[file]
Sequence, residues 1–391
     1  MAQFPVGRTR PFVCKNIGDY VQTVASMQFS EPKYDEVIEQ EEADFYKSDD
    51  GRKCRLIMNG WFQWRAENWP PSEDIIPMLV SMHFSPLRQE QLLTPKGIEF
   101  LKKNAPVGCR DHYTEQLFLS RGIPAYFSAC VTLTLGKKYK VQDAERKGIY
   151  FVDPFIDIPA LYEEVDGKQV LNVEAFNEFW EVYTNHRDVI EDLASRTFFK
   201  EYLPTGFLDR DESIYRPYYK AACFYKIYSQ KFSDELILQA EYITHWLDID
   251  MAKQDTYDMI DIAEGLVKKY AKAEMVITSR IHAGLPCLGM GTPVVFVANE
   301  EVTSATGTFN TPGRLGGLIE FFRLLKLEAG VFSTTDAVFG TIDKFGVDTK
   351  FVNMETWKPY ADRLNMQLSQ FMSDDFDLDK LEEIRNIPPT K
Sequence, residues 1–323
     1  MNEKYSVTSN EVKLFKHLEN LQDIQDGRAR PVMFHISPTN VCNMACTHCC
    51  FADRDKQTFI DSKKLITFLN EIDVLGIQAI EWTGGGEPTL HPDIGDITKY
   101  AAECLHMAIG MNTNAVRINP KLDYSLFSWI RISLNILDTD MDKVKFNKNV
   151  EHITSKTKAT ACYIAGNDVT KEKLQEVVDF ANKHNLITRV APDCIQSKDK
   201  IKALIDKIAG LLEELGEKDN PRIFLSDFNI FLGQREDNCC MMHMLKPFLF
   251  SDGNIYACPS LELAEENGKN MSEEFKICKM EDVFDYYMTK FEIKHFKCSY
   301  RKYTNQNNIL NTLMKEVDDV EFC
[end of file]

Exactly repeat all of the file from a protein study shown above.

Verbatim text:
Sequence, residues 1–391
     1  MAQFPVGRTR PFVCKNIGDY VQTVASMQFS EPKYDEVIEQ EEADFYKSDD
    51  GRKCRLIMNG WFQWRAENWP PSEDIIPMLV SMHFSPLRQE QLLTPKGIEF
   101  LKKNAPVGCR DHYTEQLFLS RGIPAYFSAC VTLTLGKKYK VQDAERKGIY
   151  FVDPFIDIPA LYEEVDGKQV LNVEAFNEFW EVYTNHRDVI EDLASRTFFK
   201  EYLPTGFLDR DESIYRPYYK AACFYKIYSQ KFSDELILQA EYITHWLDID
   251  MAKQDTYDMI DIAEGLVKKY AKAEMVITSR IHAGLPCLGM GTPVVFVANE
   301  EVTSATGTFN TPGRLGGLIE FFRLLKLEAG VFSTTDAVFG TIDKFGVDTK
   351  FVNMETWKPY ADRLNMQLSQ FMSDDFDLDK LEEIRNIPPT K
Sequence, residues 1–323
     1  MNEKYSVTSN EVKLFKHLEN LQDIQDGRAR PVMFHISPTN VCNMACTHCC
    51  FADRDKQTFI DSKKLITFLN EIDVLGIQAI EWTGGGEPTL HPDIGDITKY
   101  AAECLHMAIG MNTNAVRINP KLDYSLFSWI RISLNILDTD MDKVKFNKNV
   151  EHITSKTKAT ACYIAGNDVT KEKLQEVVDF ANKHNLITRV APDCIQSKDK
   201  IKALIDKIAG LLEELGEKDN PRIFLSDFNI FLGQREDNCC MMHMLKPFLF
   251  SDGNIYACPS LELAEENGKN MSEEFKICKM EDVFDYYMTK FEIKHFKCSY
   301  RKYTNQNNIL NTLMKEVDDV EFC